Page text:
Please visit Suicide Awareness: Voices of Education (SA\VE) at http://www.save.org/tally.html
QUESTIONS AND ANSWERS ABOUT MAJOR DEPRESSION
Instructions to Patients to be Read Before the Patient Leaves His Office
Joseph H. Talley, M.D.
These are several questions and answers about the disease called depression. Please read all of these carefully, since it is very important that you understand your disease as thoroughly as possible.
l. WHAT IS DEPRESSION? It is a disease affecting the entire mind and body, causing a person to feel miserable in many ways. Changes in brain chemistry make it happen. It is a brain disease.
2. WHAT CAUSES DEPRESSION? We do not know. We used to think it was due to something unhappy in a person's life or to some psychological hang-up. We now know, however, that this disease happens to people who have no reason "to be depressed." In other words, depression can strike normal and healthy people.
3. DOES HAVING A DEPRESSION MEAN THAT A PERSON IS GOING "CRAZY"'? NO, but it will very often make him think he is.
4. IS IT A COMMON DISEASE? Yes, it is the most common disease seen in all of medicine; however, it is often confused with other illnesses. For example, many people who think, or who are told, they have low blood, vitamin deficiency, sinus headaches, low sugar, menopause, burnout, and "all run-down and need a rest" actually have depression that causes their troubles.
5. WHAT TROUBLE DOES A PERSON HAVE WHO HAS DEPRESSION? A person who has depression will usually feel most of the following things:
a. He will feel very tired all the time, even when he has not worked or exerted himself very much. He will be just as tired on days when he has rested as on days when he has worked hard.
b. His sleep will usually be affected in one of two ways. He will either go to sleep and then wake up during the night and remain awake, or else he will sleep too much - even during the day. He will not get restful sleep.
c. He will feel very irritable. He will get upset very easily over little things that ordinarily would not upset him.
d. He will feel very sad for no reason, and, in fact, may break into tears without knowing why.
e. His normal sex drive will be decreased; in fact, it often will go away altogether.
f. He will often have a headache that is present most of the time. Almost any chronic pain elsewhere such as in the stomach or back can be caused by depression. These pains are not imaginary; they are quite real and often severe.
g. He will find it difficult to enjoy things. He will feel little enthusiasm even for things he used to look forward to.
h. Hs will often be constipated or have other digestive symptoms such as abdominal pain or diarrhea. He may lose or gain weight.
i. He will find it difficult to concentrate, make decisions, remember things and getting things done.
j. He will feel like he is an ineffective, worthless person, even though there is no reason to feel that way.
6. IS THIS REALLY A SERIOUS DISEASE? Yes. In a mild depression. the person will often think he just has a case of the blues, or that he is just getting older. His efficiency will be affected. In a more severe depression, it is a very serious disease. This disease can cause a previously healthy and happy person to kill himself.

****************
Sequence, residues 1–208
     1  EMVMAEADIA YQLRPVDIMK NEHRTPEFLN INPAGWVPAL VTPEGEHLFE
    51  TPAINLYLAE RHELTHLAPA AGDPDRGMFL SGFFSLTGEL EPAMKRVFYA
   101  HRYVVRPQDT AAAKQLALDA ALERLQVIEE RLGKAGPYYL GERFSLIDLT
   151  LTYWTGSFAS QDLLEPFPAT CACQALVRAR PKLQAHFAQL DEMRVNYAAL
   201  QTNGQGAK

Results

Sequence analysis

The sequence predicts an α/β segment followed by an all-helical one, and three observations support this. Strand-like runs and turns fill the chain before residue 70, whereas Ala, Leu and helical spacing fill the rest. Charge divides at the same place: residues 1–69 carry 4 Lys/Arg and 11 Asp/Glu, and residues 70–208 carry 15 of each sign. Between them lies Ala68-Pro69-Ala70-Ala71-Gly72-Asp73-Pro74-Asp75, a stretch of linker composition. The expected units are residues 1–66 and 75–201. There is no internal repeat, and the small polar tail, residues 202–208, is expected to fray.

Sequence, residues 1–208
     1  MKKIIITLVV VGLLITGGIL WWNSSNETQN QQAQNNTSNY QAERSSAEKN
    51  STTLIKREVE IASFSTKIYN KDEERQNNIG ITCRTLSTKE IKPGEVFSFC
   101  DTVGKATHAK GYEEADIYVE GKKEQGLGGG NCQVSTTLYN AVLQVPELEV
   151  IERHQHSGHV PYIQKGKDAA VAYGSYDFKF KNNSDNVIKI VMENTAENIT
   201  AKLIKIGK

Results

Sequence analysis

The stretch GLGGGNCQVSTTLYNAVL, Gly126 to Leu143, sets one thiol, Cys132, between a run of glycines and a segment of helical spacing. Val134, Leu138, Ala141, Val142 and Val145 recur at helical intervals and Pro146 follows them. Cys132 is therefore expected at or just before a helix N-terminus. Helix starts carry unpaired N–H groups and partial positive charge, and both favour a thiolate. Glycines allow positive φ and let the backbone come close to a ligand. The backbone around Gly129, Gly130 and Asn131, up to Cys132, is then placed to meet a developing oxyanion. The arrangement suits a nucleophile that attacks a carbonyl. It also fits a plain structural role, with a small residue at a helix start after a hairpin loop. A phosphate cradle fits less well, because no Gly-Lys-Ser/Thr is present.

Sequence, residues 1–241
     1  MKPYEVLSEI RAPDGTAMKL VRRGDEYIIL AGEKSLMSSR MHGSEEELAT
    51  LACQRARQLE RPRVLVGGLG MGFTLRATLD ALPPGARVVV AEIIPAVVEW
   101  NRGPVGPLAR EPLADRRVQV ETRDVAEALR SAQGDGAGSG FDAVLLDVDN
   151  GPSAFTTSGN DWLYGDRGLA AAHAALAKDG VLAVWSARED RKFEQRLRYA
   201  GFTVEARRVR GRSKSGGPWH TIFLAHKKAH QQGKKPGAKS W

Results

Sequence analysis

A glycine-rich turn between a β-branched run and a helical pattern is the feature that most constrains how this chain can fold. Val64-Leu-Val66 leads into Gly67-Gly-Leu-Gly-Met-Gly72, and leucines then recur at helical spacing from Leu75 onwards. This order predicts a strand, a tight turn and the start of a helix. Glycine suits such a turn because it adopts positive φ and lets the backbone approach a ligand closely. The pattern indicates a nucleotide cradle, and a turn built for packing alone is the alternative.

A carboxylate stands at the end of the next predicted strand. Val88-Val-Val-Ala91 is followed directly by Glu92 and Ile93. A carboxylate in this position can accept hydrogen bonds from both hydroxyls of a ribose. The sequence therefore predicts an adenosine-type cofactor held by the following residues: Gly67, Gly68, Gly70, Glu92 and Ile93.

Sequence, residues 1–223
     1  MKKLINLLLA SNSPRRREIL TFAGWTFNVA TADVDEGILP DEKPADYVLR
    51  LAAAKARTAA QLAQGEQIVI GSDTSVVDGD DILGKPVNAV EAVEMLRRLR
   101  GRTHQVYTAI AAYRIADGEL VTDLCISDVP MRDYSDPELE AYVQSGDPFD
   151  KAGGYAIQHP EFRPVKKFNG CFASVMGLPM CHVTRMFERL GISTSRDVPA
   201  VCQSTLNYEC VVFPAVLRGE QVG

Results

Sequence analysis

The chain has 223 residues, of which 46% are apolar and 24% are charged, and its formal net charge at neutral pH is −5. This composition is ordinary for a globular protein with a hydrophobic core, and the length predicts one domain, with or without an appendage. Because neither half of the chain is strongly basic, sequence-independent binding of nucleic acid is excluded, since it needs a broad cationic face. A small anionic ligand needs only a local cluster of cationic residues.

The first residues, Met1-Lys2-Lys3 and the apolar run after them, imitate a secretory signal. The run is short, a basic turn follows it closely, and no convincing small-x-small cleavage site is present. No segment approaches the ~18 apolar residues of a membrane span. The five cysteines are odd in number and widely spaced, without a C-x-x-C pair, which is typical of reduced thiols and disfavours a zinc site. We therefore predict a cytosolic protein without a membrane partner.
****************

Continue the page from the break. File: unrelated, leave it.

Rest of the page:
7. CAN A PERSON DO ANYTHING TO FIGHT BRAIN DISEASE? Not by his own efforts. This is a disease over which a person has no control, and it will do him no good to "try to fight this myself."
8. IS THERE ANY EFFECTIVE TREATMENT? Very much so. There are several medicines which are usually very effective in treating depression. They are also very safe medicines.
9. ARE THERE MEDICINES TRANQUILIZERS, SLEEPING PILLS, PAIN PILLS, HORMONE PILLS? NO, none of these. They are called antidepressants.
10. ARE ANTIDEPRESSANTS ADDICTING? Absolutely not. A person can not become addicted even though he takes these medications for months or years. People who take insulin and high blood pressure pills are not addicted; neither are people who take antidepressants. A person who does not have depression would feel no effect if he took an antidepressant. They work on the brain chemistry that gets out of balance and results in depression.
11. DO THEY HAVE SIDE EFFECTS? Unfortunately, they have pesky side effects; they rarely have serious side effects. The chief side effects are dry mouth, constipation and drowsiness. Dry mouth can be effectively overcome by drinking water or sucking non caloric mints. Constipation is corrected by adding bulk to one's diet. The sleepy effects are taken care by taking the medicine before bedtime. The body usually adjusts to all these side effects. Some newer antidepressants do not have side effects.
12. ARE ANTIDEPRESSANTS THE SAME AS "PEP PILLS" OR "UPPERS?" Absolutely not. Pep pills give anybody a sudden boost of energy whether they have depression or not. Pep pills are all dangerous, and not used for depression. Antidepressant pills, on the other hand will do nothing to a person without a depression, but will help a person who has depression by returning his brain chemical to normal.
13. HOW LONG DOES A PERSON HAVE TO TAKE ANTIDEPRESSANTS? It varies. Sometimes as little as three months, other times longer than a year. These medications can be taken safely for as long as they are needed, even for a lifetime.